As far as interviewees go, Frank Pearce is a challenge. As co-founder and executive vice president of Blizzard, he's one of the most influential, high ranking people in the video games industry. And as executive producer on World of Warcraft and StarCraft II, he's in charge of two of the biggest PC games on the planet. Marry that with jetlag, overwhelming tiredness and the exhaustion that comes from countless interviews to press, and you have a recipe for interview disaster. Thankfully, we laugh in the face of interview disaster. And, actually, Frank's a really nice bloke.
Q: Apart from doing press stuff like this, what's a typical day in the life of Frank Pearce?
Frank Pearce: [Laughs] I start my day, every day, with a one on one meeting with J Brack, who is the production director on World of Warcraft. I'm the executive producer on StarCraft II, but I'm also the executive producer on World of Warcraft. I'm interacting with the leadership for the World of Warcraft team daily. I'm interacting with the leadership for the StarCraft team daily. I start my afternoon, every afternoon after lunch, with a one on one meeting with Chris Sigaty, the production director on StarCraft II. And then I'm also interacting with the executive leadership for the organisation and working a set strategic direction for the company as a whole. So, I guess you would summarise it as a lot of meetings and a lot of email.
Q: You have direct influence over the development of two of the biggest games on the planet.
FP: Yeah, but I'm not trying to directly influence it too much at all, because realistically we have such awesome and talented developers on these teams, they don't need me telling them what to do. The end result's going to be much better if they're making the decisions and implementing and executing on them. The leadership at the company, we try to make ourselves available as a resource to the teams. But these are great development teams. They're very capable of operating autonomously.
Q: The approach you've taken with the design of StarCraft II is very interesting, at a time when other RTS developers are trying to do different things. Relic, for example, has scrapped resource gathering and base building and shrunk the unit caps. The impression I get from StarCraft II is it's very much stuck to the roots of the series and traditional RTS mechanics. Were you tempted to take a similar approach to other RTS developers, to try to get more people who haven't played RTS games before in on the act?
FP: No. I wouldn't say there was any temptation there for us at all. We really felt like it was critically important that anyone that sits down to play StarCraft II feels a certain familiarity if they've played the original StarCraft. All the components that made StarCraft what it was included resource gathering and base building and managing the balance between all of them.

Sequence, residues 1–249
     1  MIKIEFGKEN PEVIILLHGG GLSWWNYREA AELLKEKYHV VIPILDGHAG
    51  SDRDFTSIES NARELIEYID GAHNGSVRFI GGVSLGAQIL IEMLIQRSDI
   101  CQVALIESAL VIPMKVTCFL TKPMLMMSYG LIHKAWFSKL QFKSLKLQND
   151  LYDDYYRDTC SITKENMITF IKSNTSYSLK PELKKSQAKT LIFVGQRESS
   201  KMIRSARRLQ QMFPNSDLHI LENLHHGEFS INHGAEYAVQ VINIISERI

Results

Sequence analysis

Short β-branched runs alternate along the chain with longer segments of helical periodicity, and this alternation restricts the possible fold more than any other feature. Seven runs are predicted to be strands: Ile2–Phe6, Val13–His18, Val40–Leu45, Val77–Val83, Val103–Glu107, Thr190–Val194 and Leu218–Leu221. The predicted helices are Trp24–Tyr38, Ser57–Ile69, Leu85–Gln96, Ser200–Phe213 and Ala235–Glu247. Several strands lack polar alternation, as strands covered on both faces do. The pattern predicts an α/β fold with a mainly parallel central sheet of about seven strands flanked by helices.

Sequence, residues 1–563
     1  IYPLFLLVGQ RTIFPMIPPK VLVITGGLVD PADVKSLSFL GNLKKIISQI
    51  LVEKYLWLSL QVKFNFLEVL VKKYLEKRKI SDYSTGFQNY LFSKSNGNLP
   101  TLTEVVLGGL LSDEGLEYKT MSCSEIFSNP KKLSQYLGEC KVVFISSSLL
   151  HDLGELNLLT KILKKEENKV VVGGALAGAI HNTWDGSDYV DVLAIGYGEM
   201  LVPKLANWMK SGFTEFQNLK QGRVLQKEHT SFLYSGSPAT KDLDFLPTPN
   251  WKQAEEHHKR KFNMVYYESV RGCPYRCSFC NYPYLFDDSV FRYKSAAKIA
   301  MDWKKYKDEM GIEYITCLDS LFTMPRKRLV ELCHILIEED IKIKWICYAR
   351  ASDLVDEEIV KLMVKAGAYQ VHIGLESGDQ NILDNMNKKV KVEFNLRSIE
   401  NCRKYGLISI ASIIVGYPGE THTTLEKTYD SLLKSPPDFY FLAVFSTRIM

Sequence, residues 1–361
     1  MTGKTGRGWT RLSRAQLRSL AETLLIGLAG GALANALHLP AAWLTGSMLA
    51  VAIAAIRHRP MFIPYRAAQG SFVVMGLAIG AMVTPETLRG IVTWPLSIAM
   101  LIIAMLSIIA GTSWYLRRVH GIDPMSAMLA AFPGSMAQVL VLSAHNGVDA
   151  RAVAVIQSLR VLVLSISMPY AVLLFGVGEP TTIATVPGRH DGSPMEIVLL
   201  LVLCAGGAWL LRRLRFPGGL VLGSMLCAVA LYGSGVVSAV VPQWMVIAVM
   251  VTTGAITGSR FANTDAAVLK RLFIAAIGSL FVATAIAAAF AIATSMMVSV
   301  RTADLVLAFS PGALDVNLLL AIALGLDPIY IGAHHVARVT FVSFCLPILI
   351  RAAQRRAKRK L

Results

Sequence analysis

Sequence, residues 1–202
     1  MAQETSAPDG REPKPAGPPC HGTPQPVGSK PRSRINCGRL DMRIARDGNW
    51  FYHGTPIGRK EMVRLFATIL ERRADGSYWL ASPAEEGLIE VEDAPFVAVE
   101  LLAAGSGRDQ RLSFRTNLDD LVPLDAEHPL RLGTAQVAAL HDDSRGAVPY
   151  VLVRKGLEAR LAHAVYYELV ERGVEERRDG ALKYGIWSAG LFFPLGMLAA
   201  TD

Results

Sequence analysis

Q: Why did you feel it was critical to retain those components?
FP: Because the original StarCraft sold over eleven million copies. There are a lot of really devoted fans that love the game. We wanted to make a product that services that commitment to that experience, you know what I mean?
Q: Yeah. The playable races we have this time are the same as we had last time. Was there ever any chance of a new fourth race?
FP: It's something we talked about. You know it's a really difficult challenge to come up with great ideas for units and make them all work together on a race. It was something we were talking about early on. Pretty early on we felt like if we want to make sure that we've got really great units and really great races the best thing we can do is stay focused on the three races that everyone's familiar with.
Q: Was that decision in part to do with StarCraft's famous balance?
FP: I think we could balance it if it was four races or however many races we felt was appropriate. I don't think finding a balance between the races would be the challenge as much as having enough distinction between the units, between the races that they felt unique and really cool.
Q: The new features of Battle.net suggest to me that in bringing all players of all Blizzard games together the service has significantly evolved. Do you now look at your fanbase not like they're StarCraft players, or Warcraft players, or Diablo players, but Blizzard players?
FP: Yeah, definitely. Instead of having a World of Warcraft community and then having a separate and distinct StarCraft II community and then a Diablo III community, we want to have a Blizzard community that's comprised of the players of all of our games, whether they play one or all three.
Q: Some people who play World of Warcraft will stop to play StarCraft II when it comes out. Is it your view that if people are going to stop playing WoW, they may as well stop it for a Blizzard game?
FP: Yeah, definitely. If anyone's going to make a game that cannibalises the player base for one of our games it may as well be us. Even if the business model isn't the same, even if the business model isn't as favourable, still rather have them as our customers than someone else's customer, you know what I mean? It doesn't go on any of the bullet points on the back of the boxes for our games, but one of the huge features for our games that sort of goes unspoken and unnoticed is that thriving, vibrant community. If you go online onto Battle.net you know you'll be able to find people to play StarCraft II with. You know that you'll be able to find people to play WoW with. You know you'll be able to find people to interact with that are passionate about Blizzard games.
Q: Do you need to be connected to Battle.net while you're playing StarCraft II's single-player campaign?
[PR interjection] You don't need to be. There is an offline mode. You will need an initial activation. But there is still an offline mode.
FP: If we've done our job right and implemented Battle.net in a great way people will want to be connected while they're playing the single-player campaign so they can stay connected to their friends on Battle.net and earn the achievements on Battle.net and all that sort of stuff.
Q: Is that the best approach in terms of anti-piracy when it comes to PC gaming?
FP: Absolutely. The best approach from our perspective is to make sure that you've got a full-featured platform that people want to play on, where their friends are, where the community is.
Q: We've seen some aggressive reaction to some other publishers' policies that force players to be connected to the internet while they're playing predominantly single-player games. Your approach, however, seems based on players being attracted to the Battle.net feature set as a reason not to pirate the game.